Had been dubbed as the “Frankenstorm” since it arrived in U.S. territorial waters, does the exorbitant insurance payouts of Tropical Storm Sandy’s devastation be the nasty October Surprise for all insurance companies concerned?
By: Ringo Bones
As Tropical Storm Sandy, despite being classified as a “mere” Category I Hurricane since it arrived in U.S. territorial waters, it had since been dubbed Frankenstorm by the press and is fast becoming the meteorological phenomena of the decade as it sparked scientific interest as the preexisting weather in the East Coast of the United States conspired to create a thousand-mile-wide “perfect storm” hitherto unseen since meteorological records began. While the “famed” storm is still strengthening, will Tropical Storm Sandy be the October Surprise to the insurance companies concerned currently still ill prepared to cough-up monstrous pay-outs?
“Super-Storm” Sandy’s devastation had indeed been unprecedented so far in the U.S. East Coast. Though tragic deaths in such natural disasters is considered one death too many, Sandy’s death toll had reached 20 in the United States as it claimed 69 lives when it hit the Caribbean last week – with Haiti, Jamaica and Cuba being the hardest hit. Even Cuban president Raul Castro is still visiting the other far-flung areas in Cuba devastated last week by Tropical Storm Sandy. And don't forget the actuarial cost of those hundreds of commercial scheduled flights in the US East Coast that had to be cancelled in the wake of Tropical Storm Sandy. Though from an actuarial perspective, the frequency of occurrence of such once-in-a-lifetime "perfect storms" / "Frankenstorms" are still exceedingly rare.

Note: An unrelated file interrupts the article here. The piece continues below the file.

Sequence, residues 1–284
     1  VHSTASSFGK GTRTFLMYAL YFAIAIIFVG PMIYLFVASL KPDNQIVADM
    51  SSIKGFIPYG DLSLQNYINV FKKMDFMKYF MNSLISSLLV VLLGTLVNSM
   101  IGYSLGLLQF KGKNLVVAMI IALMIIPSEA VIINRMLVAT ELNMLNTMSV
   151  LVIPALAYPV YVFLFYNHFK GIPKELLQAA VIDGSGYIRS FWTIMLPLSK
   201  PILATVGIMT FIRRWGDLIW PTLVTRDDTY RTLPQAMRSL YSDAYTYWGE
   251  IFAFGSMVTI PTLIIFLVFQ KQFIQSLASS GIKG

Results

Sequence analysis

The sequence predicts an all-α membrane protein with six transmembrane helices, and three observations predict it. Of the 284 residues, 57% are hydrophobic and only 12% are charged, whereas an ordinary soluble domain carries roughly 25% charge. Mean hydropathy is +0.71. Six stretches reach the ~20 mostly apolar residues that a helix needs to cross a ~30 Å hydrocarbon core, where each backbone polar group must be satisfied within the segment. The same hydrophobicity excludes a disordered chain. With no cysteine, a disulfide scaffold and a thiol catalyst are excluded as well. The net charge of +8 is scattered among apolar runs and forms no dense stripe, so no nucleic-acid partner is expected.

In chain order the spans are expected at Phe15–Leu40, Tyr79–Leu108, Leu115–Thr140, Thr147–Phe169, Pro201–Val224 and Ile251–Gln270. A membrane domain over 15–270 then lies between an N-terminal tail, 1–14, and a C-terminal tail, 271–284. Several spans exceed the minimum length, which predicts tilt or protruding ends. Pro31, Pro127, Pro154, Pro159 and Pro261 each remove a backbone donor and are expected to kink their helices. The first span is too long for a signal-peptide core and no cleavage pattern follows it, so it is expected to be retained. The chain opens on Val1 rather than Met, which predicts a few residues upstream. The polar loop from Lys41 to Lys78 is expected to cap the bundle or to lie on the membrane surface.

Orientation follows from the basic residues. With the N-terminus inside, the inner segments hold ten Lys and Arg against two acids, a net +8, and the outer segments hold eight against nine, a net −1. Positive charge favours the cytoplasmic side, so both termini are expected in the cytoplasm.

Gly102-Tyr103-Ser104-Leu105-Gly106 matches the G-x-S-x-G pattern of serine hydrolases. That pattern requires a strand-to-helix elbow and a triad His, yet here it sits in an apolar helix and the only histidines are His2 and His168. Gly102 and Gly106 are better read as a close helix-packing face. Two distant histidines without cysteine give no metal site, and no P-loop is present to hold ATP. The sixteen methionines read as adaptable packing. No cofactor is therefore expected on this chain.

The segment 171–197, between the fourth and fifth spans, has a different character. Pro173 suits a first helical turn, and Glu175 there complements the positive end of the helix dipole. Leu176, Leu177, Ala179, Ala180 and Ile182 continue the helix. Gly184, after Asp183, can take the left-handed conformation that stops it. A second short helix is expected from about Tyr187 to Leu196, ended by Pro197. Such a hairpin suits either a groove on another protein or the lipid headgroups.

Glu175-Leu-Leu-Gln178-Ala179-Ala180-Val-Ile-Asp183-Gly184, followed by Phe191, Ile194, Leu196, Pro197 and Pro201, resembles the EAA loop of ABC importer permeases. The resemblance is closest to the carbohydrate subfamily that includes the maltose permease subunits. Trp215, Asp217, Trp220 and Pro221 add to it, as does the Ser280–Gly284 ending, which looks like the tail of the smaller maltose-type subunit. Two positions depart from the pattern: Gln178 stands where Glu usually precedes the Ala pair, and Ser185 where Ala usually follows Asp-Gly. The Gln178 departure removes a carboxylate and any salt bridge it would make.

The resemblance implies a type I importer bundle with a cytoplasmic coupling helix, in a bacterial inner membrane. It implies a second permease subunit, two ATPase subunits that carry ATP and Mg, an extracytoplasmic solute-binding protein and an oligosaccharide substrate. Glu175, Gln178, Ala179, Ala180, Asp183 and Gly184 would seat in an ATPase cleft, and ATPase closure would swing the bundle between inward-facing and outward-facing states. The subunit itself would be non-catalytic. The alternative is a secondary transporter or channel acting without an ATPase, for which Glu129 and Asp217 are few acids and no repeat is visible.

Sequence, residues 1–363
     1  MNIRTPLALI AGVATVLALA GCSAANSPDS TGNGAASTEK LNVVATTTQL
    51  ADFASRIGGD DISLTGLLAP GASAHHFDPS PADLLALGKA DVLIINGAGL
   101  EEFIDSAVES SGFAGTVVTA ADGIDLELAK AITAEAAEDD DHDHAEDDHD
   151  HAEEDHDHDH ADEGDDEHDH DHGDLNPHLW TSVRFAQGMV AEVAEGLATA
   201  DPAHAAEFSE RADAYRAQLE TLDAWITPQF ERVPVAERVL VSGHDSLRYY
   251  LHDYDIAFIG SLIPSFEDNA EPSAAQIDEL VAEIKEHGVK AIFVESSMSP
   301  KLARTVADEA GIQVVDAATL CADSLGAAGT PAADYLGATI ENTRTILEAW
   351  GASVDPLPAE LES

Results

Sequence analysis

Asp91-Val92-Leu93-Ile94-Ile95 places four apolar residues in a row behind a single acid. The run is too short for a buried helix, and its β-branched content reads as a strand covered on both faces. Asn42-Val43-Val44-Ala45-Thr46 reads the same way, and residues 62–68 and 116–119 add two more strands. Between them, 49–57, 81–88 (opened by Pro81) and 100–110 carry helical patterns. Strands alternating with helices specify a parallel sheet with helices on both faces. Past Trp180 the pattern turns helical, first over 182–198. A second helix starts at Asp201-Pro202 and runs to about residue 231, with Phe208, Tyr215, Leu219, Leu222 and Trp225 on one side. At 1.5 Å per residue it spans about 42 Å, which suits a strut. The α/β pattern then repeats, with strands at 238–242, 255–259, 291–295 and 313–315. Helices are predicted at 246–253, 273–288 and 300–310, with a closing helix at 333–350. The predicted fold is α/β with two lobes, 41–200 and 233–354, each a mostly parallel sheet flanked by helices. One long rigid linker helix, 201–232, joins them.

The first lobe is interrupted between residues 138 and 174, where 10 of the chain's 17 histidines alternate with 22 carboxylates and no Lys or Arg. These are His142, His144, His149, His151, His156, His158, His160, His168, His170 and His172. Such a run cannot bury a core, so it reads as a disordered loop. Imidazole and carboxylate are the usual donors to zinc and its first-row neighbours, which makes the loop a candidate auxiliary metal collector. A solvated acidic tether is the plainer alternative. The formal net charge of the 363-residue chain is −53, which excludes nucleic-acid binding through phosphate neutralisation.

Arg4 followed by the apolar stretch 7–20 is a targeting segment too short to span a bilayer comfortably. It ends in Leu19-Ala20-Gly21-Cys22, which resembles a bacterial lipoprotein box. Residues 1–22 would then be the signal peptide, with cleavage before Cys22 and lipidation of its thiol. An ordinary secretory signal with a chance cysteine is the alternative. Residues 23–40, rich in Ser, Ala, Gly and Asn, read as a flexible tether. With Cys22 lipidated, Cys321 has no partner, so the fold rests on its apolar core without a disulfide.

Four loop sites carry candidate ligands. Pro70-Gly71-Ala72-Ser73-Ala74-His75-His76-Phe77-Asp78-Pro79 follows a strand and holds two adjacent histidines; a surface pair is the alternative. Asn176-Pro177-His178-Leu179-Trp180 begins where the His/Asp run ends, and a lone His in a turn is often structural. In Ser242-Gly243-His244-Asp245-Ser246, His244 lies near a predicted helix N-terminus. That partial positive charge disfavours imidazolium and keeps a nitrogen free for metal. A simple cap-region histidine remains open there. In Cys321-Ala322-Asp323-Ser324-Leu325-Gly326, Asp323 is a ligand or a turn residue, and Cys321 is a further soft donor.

With insurance payouts via flood insurance and storm damage insurance claims alone projected to reach well over 20 billion US dollars, Tropical Storm Sandy managed to close the New York Stock Exchange for two days now. The last time the NYSE was closed for this length of time was back in 1888. In terms of infrastructure damage, the state of New York could be the hardest hit so far as the New York City’s subway system are now flooded by as much as 4 feet of seawater and most of its power grid had been shut down by Sandy. It even caused a fire in Queens, New York that destroyed 50 homes while neighboring states, like New Jersey, had been brought to a virtual standstill when storm surges flooded main roads making them impassable by conventional road vehicles.